OK, I admit it. When I was growing up I apparently did something horrible to my brother. I encouraged him to dress like a girl when we were playing games. I may have even painted his toe nails once or twice. Little did I know that by engaging in this behavior we were running a terrifying risk, or at least that would be what some would have you believe based on the recent national media attention given to a J. Crew advertisement.
A small picture in the summer catalog sparked outcry and national news coverage because it featured J. Crew president Jenna Lyons painting her young son Beckett’s toe nails neon pink.
Apparently, neon pink toe nail polish can be very dangerous in the wrong hands (or at least on the “wrong” toes).
The horror! Psychiatrist and Fox News contributor Dr. Keith Ablow stated this “homogenizing males and females” was tantamount to “psychological sterilization,” which contributes to no one wanting to nurture young children, create families, or become soldiers. Seriously.Apparently, neon pink toe nail polish can be very dangerous in the wrong hands (or at least on the “wrong” toes).
The “wrong” toes are the crux of the whole controversy. Of course, if Lyons had painted her daughter’s toe nails pink, no one ever would have noticed. Furthermore, if Lyons had been engaged in a more “masculine” activity with a daughter like affectionately placing eyeblack on her daughter’s cheeks while her daughter donned her softball cap, no one would have claimed that it was “blatant propaganda celebrating transgender children” such as the widely reported conclusion conservative think tank Culture and Media Institute reached about this picture. Some parents expressed concerns if this type of “gender bending” would “turn” children transgendered.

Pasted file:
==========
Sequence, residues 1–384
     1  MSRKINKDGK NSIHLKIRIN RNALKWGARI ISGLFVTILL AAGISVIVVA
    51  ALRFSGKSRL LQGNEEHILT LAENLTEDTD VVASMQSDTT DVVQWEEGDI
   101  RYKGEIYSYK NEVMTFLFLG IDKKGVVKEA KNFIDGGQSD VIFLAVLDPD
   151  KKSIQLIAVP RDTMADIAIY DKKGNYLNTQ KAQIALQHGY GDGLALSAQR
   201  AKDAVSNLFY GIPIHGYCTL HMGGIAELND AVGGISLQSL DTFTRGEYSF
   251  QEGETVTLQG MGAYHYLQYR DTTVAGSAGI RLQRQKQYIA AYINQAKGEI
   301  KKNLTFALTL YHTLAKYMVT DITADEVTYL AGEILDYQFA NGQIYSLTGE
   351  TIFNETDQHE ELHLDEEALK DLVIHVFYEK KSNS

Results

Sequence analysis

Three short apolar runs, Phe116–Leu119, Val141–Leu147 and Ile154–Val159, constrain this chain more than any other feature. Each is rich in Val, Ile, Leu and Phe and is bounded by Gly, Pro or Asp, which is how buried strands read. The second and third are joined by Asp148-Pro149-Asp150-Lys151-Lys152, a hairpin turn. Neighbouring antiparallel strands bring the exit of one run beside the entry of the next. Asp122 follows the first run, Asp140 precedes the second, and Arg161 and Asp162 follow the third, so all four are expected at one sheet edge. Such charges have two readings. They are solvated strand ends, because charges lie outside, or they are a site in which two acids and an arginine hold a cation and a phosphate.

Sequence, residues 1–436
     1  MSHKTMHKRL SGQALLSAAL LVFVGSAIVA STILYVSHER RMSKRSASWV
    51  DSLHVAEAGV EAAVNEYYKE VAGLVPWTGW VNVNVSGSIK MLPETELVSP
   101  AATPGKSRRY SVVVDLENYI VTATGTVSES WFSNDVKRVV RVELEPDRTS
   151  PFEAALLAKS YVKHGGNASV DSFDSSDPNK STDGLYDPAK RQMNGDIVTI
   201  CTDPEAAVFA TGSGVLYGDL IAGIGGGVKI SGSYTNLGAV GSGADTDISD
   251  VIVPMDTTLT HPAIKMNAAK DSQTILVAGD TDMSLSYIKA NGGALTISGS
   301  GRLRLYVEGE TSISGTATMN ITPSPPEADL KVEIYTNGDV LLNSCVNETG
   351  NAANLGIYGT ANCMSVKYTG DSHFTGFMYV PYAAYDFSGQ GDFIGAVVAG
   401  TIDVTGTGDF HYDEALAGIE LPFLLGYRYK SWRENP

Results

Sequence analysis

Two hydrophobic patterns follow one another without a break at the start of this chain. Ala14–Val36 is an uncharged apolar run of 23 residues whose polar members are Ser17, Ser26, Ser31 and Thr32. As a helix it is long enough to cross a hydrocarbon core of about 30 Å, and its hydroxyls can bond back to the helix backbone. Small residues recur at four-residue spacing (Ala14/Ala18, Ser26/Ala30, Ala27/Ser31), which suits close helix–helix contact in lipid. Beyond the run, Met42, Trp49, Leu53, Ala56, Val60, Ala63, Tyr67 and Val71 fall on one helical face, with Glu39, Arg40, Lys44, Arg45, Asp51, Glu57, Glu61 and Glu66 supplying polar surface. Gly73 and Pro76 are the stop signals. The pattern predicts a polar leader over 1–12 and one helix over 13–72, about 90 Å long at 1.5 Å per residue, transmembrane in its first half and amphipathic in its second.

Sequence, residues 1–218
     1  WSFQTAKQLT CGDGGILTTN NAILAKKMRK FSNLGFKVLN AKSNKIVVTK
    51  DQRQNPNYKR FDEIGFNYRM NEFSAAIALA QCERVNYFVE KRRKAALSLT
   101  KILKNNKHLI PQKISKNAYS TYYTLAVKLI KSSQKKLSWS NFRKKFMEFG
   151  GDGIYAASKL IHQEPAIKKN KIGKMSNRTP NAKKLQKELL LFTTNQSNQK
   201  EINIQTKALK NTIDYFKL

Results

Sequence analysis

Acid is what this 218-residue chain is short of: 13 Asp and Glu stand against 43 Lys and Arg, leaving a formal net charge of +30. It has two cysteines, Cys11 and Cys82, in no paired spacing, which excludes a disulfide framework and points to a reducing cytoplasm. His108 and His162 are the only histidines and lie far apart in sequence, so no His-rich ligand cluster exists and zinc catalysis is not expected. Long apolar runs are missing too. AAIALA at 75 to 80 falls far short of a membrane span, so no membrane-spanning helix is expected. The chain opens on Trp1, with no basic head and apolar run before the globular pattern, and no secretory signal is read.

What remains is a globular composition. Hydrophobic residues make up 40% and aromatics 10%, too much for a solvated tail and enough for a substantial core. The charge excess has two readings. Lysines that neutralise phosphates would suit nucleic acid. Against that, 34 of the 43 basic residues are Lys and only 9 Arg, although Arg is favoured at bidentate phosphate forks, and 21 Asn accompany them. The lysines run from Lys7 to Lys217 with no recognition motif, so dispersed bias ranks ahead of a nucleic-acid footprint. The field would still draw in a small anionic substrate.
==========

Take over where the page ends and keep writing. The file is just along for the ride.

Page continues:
Gender Or Sex?
A number of issues have been lost in the kerfuffle over little Beckett’s pink toe nails. Communication Studies and gender scholar Dr. Julia T. Wood reports that the terms “gender” and “sex” are very different. Sex is determined by biological characteristics such as our physical bodies, hormones, and chromosomes. However, as the uproar over Beckett’s pink toes illustrates, gender is another concept altogether. Gender is the meanings that a society places on the sexes – our understandings for how the sexes “should” act. Unlike the bodies we are born with, our culture creates these meanings through communicating what we think is appropriate and desirable for girls, boys, men, and women.
We often act as if these gendered norms – these socially constructed meanings – are completely natural, unvarying, and unquestionable. This is why people like Ablow state that parents should ensure their children “become comfortable” with the gendered identity they “got at birth,” as if gendered identity was the same thing as being born with an XY or XX chromosome. According to Wood, since gender is created through interaction rather than innate with our bodies, ideas of how the sexes should behave and appear changes over time and cultures. This is why in the United States, we no longer believe that the best option for women is to be homemakers or expect men to wear heels and powdered wigs like our country’s founders.
In fact, it’s not just pink toe nail polish that is the issue. These gendered norms extend from minute requirements about appearance (“appropriate” colors, hair styles, and clothing for the sexes) to how we are “supposed” to act and what we are capable of achieving. Over time, we have radically changed our ideas of careers, family care taking options, and civic work that are possible for the sexes. Do we really want to move back to the days when narrowly defined gendered identities people were thought to be “born with” included women being only suited for domestic tasks and men as the stern breadwinner?
As our culture moves forward, boys and girls are earning more freedoms to express themselves in different and creative ways. As parents, educators, friends, and family members, we need to allow children and ourselves the freedom to develop identities regardless of sex. If we do that, it won’t only be our toes that are rosy pink – it will be all of our futures!